Andy Jackson reviews Out to Lunch by Andy Kissane

Out to Lunch

by Andy Kissane

Puncher and Wattmann


Reviewed by ANDY JACKSON



Among other things, Andy Kissane’s poetry in Out to Lunch focusses on suburbia, public transport, family, television, the beach and sausages.  So, why am I surprised to be moved?  And, not only moved, but challenged?

That the visceral, emotional experience of this collection is accompanied by such a sense of surprise is to me a reminder of how much I have still unconsciously bought into the myth of novelty and obscurity.  Kissane writes accessible, unpretentious, often humourous, subtly thoughtful poems.  They use language that isn’t a long way from the vernacular, what you might overhear at the food court or the pub, eavesdropping.  But it is a language carefully calibrated to heighten the sense of the momentous within the everyday.  Not to eclipse the everyday, but to attend to it – something like  the effect of a film slowing down, heightening the meaning of small gestures, glances and events.  It is a deliberate effect, sure, but it’s entirely unforced and natural – as in “Visiting Melbourne”, these are poems seemingly “sung / by lungs that never pause to think of breathing”.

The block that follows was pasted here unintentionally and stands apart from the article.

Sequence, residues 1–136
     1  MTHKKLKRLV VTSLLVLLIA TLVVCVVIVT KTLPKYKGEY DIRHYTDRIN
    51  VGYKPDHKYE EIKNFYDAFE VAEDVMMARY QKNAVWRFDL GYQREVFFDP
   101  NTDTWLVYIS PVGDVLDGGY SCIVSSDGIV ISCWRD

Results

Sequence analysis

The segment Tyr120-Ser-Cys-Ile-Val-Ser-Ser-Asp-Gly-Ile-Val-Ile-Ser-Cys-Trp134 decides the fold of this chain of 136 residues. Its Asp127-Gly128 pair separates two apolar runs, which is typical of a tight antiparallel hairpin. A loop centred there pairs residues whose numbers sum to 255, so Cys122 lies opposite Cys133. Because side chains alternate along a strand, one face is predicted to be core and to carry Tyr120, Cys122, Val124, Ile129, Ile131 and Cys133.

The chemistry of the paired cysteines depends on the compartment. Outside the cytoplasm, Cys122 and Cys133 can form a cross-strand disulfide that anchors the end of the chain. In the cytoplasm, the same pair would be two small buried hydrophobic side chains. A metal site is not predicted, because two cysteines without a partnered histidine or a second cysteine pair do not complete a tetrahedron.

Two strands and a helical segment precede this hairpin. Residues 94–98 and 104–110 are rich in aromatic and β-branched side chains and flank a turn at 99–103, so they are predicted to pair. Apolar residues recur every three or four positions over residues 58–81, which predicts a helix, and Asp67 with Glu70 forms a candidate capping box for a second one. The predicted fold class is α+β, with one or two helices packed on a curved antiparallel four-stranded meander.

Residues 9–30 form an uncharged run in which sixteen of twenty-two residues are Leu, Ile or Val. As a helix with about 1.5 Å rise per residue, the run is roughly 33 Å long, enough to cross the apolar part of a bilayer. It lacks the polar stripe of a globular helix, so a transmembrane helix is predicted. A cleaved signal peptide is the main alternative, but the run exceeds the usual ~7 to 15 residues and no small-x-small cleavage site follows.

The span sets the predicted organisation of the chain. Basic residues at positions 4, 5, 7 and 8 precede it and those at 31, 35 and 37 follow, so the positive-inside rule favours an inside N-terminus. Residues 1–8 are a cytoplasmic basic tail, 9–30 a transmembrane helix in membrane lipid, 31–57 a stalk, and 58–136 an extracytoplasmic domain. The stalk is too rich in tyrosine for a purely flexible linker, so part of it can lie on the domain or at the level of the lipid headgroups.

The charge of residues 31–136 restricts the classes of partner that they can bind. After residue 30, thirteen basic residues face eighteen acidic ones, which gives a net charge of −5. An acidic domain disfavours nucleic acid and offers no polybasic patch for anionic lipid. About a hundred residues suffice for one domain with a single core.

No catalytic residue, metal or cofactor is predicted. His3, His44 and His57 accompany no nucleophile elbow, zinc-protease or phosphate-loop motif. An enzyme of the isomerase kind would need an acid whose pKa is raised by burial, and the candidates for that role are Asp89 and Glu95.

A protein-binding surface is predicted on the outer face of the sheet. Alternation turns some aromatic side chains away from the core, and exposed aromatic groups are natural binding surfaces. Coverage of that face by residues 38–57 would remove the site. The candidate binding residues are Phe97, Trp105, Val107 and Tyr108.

This comes out intriguingly in “The Earlwood-Bardwell Park Song Cycle”, his ambitious and accomplished response to Les Murray’s “The Buladelah-Taree Holiday Song Cycle” (which Kissane rightly reminds us is itself a response to the Wonguri-Mandjigai Song-Cycle of the Moon Bone).  Whereas Murray’s poem is an attempt to fuse Aboriginal storytelling with a European-Australian attachment to country attuned through annual holiday-making, Kissane takes a more modest and respectful tack.  It contains something of the same grammatical structure and heightened attention to place, but it maintains Kissane’s characteristic clarity and light touch.  His “Song Cycle” is the Australian suburban world as it is lived day to day.  It begins “the long holiday is over”, and flows through all the regular movements of traffic, work, home, shopping, crime, birdlife, the small epiphanies gained and missed.  Near its climax, the poem speaks “of the people who gave Gumbramorra Swamp / its name, the Gwiyagal people, who were here first and are still / here, who fished and lived and moved in this place, here”.  In this, it is not only a revision but a critique of Murray’s epic reach, baulking at a presumptuous appropriation of an indigenous worldview.